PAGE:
The other bells the 3rd and 4th of 1874, created eight bells. The new clock was installed and with the two new bells the Cambridge Chimes could be used and the hour struck by the tenor bell. The clock is still doing service but now powered by electricity instead of being wound up by hand. The 6th by James Edbury regarded as one of his best bells. The series of initials on the inscription may well be those of the donors of the bell.
The three Kebyll bells of circa 1480, 7th 8th and tenor, are renowned for the very high quality letters, particularly the capitols in their Latin inscriptions.
Translation of the Latin text:-
7th Sit Nomen Dommini Benedictum – Blessed be the name of the Lord.
8th In multis annis refonet campana Johannis – May Johns bell sound for many years. Tenor Intonat e celis vox canpane Michaelis – The voice of Michaels bell thunders from heaven.
9th Miles Gray of Colchester is of the 1st Miles Gray.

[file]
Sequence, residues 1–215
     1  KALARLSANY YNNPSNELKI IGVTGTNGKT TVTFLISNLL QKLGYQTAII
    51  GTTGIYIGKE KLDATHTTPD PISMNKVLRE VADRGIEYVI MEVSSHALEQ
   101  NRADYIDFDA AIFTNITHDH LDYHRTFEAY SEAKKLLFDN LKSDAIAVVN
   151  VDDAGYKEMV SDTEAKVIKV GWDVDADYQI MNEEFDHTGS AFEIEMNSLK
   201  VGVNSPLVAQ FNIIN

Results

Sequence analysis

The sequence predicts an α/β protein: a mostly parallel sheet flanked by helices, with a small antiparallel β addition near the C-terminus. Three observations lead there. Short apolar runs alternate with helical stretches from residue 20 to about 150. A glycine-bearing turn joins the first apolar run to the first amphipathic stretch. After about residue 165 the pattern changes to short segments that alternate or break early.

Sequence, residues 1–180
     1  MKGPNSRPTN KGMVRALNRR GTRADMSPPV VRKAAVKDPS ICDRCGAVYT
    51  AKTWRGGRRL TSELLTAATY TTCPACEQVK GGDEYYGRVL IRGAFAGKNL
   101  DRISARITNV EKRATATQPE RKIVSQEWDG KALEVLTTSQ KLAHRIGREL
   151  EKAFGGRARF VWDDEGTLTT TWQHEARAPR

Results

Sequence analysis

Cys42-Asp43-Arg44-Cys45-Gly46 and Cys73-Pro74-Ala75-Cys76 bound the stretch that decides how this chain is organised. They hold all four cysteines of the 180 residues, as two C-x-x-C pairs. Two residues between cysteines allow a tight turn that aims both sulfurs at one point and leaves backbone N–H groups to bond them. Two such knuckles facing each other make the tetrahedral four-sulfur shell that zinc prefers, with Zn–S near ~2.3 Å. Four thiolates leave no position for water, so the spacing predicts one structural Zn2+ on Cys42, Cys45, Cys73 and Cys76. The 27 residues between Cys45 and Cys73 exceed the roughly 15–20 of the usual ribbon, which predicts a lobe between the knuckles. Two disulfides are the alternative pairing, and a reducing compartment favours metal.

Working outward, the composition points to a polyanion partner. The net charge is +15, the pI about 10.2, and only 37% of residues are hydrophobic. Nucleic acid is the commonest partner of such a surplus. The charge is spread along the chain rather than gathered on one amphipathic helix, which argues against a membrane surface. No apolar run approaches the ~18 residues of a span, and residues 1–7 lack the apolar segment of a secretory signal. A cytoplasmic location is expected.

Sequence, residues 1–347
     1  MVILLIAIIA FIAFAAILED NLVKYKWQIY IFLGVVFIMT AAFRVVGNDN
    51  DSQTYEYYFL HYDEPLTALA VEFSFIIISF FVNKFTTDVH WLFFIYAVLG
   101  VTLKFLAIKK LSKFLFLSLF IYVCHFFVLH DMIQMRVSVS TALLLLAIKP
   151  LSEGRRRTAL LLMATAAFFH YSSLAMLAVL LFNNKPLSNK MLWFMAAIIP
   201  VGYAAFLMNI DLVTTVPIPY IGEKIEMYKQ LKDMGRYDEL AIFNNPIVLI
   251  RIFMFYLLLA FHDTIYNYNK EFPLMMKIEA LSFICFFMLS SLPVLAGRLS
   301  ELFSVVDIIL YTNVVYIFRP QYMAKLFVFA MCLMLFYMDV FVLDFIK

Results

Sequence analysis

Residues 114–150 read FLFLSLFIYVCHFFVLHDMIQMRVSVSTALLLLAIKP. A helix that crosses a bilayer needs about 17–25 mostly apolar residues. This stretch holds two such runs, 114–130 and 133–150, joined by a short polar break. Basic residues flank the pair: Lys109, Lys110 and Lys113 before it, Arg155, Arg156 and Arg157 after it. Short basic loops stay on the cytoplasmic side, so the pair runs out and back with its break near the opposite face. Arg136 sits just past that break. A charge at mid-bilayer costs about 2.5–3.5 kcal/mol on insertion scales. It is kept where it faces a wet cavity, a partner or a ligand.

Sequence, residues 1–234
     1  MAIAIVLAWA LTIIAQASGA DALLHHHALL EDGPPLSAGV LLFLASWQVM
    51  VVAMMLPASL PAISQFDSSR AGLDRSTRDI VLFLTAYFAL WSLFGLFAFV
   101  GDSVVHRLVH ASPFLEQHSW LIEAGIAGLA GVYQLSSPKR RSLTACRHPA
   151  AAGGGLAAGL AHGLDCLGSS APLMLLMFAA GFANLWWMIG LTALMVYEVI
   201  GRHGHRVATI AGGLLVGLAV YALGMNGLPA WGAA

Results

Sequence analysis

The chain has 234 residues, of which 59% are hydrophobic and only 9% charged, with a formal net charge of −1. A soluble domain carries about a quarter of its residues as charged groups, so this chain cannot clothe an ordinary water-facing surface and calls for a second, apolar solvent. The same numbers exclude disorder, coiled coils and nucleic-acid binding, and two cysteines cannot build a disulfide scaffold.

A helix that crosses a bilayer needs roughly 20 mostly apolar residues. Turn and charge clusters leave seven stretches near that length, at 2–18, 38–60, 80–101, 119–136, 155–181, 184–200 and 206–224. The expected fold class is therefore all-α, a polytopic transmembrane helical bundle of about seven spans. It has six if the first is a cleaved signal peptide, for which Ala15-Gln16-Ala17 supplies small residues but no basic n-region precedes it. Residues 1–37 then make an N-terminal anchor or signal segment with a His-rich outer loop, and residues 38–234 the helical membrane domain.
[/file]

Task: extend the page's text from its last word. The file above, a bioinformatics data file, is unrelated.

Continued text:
The Clock chimes known as the Cambridge chimes are rung on the 4th, 5th, 6th and 9th bells. The hour is struck on the tenor bell. The verse of the chimes is: –
All Through This Hour.
Be God Thy Guide
That By His Power.
No Step May Slide
The Suffolk Guild of Ringers maintains the bells.
For ringing of a bell. At the Vestry meeting on 2 April 1777 it was agreed to allow John Lilly for ringing the bell at five in the morning and again at nine in the evening. Payment two guineas a year.
In 1863 The Rector, Rev Sir John Molyneux became aware that the bell ringers were planning to ring the bells in celebration of the Prince of Wales wedding, which was during Lent. Not approving of weddings in Lent he locked the belfry door. Undeterred the ringers gained access with ladders onto the roof and then into the ringing chamber via the roof door. The populace enjoyed the bells and sustained the ringers with food and a generous supply of drink, hauled up onto the roof by spare bell ropes.